5. It always bummed me out that during his peak of what i considered his most progressive riding….the best ramp rider in the world was a millionaire with his house featured on Mtv cribs…whereas, the best flatlander in the world, chase…lived under a bike ramp in a skatepark. I’m sure it was exactly how he wanted. The interview was fantastic. Wish there was mention of chase oddities like the Mexican mafia thing where he disappeared for awhile and when he resurfaced….nobody listed his full name, the cranial surgery he had, and i was surprised no mention of living in Cleveland…which seemed like was forever. Dude is still my favorite.

  6. 1. I really loved this podcast. Chase is a very intelligent, interesting dude and the stories were great. And Space Brothers do a great job on interviews. I listened to it twice. He’s a legend.

    2. THE ELEPHANT IN THE ROOM. Chase did *not* pull a quad decade in 1984. I’m not saying he’s lying, I’m just saying he has to be quite confused in his recollection of the timeline. He’s Chase, and he’s a flatland GOD – but even if decades already existed (and I don’t think they did) in 1984, he clearly didn’t get good enough that same year to pull a quad.

    Sorry, I just can’t believe nobody from back in the day has brought this up yet. 🙂

    • I was wondering the same thing. I though the decade or “inverted boomerang” as it was originally called & invented by Dean Palacios around 1983, wouldn’t have been known by many. It became well known by 1985 as it was featured in magazines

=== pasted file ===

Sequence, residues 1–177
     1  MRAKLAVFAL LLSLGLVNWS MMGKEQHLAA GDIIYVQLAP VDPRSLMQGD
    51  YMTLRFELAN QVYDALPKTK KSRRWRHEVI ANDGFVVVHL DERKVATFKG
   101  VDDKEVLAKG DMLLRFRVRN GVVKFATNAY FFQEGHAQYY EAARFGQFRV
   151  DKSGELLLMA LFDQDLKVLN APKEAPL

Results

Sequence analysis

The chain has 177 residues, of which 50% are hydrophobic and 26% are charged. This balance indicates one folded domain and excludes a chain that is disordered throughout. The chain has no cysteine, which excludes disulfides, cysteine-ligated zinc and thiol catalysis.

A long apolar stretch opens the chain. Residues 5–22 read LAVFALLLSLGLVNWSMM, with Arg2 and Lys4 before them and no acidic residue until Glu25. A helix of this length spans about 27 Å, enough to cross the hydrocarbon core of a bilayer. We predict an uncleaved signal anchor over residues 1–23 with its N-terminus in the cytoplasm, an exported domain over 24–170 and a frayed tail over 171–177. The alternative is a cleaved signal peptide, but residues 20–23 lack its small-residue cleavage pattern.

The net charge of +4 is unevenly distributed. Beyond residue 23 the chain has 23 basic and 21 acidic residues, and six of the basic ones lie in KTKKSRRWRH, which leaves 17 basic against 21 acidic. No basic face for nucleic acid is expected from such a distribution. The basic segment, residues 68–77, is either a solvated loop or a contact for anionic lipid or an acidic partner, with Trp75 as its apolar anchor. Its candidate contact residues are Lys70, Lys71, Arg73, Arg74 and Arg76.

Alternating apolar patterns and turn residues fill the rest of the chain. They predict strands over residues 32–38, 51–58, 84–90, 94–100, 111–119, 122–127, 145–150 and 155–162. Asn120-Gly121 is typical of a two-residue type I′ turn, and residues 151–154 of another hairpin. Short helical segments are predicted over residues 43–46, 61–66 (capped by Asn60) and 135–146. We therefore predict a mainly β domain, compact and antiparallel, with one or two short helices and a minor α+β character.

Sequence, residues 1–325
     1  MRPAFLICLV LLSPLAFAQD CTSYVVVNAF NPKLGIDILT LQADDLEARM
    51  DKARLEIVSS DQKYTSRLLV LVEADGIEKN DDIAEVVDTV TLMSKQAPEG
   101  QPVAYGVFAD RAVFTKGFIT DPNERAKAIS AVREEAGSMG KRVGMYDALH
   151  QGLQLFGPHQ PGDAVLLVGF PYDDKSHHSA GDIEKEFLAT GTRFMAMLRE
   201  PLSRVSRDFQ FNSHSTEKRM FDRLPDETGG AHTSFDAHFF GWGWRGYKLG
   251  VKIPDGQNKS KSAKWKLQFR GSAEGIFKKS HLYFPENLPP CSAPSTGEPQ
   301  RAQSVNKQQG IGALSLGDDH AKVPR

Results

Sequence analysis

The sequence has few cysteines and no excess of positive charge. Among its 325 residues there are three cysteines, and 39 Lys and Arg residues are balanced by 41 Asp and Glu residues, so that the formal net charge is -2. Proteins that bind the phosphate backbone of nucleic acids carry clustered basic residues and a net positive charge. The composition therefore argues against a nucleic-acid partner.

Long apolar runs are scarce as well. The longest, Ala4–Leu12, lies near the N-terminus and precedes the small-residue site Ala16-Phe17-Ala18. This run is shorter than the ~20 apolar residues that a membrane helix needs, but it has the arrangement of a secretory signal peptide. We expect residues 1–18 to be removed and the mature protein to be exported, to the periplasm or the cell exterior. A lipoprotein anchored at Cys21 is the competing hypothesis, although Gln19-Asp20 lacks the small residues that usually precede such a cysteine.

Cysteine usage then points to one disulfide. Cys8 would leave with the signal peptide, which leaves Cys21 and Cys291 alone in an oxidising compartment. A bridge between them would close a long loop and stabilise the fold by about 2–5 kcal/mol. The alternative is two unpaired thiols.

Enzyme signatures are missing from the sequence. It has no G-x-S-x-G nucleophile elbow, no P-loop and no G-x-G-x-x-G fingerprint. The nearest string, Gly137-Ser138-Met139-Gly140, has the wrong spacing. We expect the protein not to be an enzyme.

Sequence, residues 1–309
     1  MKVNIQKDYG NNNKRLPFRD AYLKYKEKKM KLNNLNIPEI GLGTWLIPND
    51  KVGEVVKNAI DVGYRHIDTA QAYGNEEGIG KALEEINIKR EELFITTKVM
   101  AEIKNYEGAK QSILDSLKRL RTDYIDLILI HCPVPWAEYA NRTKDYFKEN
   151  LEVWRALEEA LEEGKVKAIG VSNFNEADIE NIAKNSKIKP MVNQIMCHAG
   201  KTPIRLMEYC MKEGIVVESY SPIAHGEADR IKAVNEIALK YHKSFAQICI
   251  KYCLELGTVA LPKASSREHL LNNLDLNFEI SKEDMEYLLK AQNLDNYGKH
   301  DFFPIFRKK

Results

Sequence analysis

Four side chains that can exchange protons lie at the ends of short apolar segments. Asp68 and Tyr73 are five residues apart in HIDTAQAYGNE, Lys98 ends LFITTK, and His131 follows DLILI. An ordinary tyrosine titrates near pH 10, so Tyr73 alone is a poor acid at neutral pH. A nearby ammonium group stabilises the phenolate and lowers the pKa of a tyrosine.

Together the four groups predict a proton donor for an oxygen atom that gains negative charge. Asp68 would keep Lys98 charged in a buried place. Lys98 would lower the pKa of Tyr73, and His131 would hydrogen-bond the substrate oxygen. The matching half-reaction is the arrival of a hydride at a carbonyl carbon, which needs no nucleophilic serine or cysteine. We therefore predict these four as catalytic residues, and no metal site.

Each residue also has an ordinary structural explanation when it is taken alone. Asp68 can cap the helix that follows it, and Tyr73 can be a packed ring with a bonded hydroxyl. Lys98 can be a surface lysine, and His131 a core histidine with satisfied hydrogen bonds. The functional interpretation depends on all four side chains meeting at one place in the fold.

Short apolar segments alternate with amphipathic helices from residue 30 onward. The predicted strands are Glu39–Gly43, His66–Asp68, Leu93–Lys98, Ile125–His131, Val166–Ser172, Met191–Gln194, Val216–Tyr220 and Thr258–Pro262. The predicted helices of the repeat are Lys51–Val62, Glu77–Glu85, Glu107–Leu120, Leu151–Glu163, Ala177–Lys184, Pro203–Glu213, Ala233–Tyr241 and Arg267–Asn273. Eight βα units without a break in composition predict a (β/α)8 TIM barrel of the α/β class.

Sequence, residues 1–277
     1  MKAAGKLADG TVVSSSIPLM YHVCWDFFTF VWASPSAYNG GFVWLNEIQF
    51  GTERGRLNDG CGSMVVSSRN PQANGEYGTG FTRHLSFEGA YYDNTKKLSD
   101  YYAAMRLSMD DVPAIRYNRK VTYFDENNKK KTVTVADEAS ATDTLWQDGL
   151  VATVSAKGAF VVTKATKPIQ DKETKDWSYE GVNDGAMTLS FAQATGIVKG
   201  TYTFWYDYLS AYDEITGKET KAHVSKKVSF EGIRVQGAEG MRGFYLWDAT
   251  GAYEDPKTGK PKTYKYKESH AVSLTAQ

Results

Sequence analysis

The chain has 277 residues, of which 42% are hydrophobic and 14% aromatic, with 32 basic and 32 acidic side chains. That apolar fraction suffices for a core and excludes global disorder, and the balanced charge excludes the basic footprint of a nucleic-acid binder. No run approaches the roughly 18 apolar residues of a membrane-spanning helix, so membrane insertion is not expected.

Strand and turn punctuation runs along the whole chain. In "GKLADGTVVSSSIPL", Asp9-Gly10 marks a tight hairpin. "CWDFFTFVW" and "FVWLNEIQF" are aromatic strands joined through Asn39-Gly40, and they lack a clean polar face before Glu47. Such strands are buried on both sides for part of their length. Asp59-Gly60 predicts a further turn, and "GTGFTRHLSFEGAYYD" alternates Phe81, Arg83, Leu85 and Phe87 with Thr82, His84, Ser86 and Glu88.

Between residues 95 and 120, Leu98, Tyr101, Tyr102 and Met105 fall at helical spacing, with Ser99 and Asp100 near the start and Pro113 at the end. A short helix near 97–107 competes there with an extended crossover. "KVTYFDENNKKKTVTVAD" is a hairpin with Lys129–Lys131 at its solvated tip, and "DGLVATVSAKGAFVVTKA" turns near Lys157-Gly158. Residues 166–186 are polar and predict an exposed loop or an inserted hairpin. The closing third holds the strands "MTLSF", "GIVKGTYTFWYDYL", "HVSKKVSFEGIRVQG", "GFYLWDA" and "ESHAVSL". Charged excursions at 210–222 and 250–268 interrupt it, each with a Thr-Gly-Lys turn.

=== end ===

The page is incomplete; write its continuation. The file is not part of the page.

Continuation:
7. It came to mind years ago, that flatlanders are grossly underpaid. It actually astounds me, because it’s way harder than the other disciplines of Bmx. But, I know the reality’s the general public, along with companies, particularly non Bmx , don’t rate & or care, much less understand flat. I used to get asked by a local, where I used to live, are you making any money doing this, when he walked past the netball court. And he clearly thought I was wasting my time. We, as riders know that, it’s not necessarily about money. I certainly am still riding for the love of it, and the same reason I got into it. Many don’t understand it, if you’re passionate about something. And Chase is 1 of a number of riders, who I believe should’ve been paid well. Unless there’s a rider, or riders that started around the time Kevin and Chase, that were clearly stand outs, I’d like to know, but to the best of my knowledge, these 2 helped shape flat probably more than anyone.

  8. Yeah, the Quad Decade in 1984 is hard to fathom. He would have been 12 or 13.
    Was anyone even doing double decades at that time?
    I’m also surprised that if he did pull a Quintuple decade with only a slight touchdown on the ride out then why didn’t he keep going after it and get it filmed. If he pulled it with only a slight touch then he obviously knows that it is possible at that point. When he starts riding again that is the first trick he should start working on, and have a camera rolling every single try. He’ll be 50 soon. So filming 5 decades in a row by age 50 would be super awesome, and would bring everything full circle.

  9. Havent listened to all of this yet , cant wait to ! Mad respect to Chase for forever shaping / innovating bmx flatland . His contributions can NEVER be fully measured , theyre endless . Homeless bikes , him being on their team back in 92………..I have a great story about Thanks Giving night back then , when he stayed at fellow team rider, Eben Krakaus casa , haha. Damn Im really stoked on this podcast so far !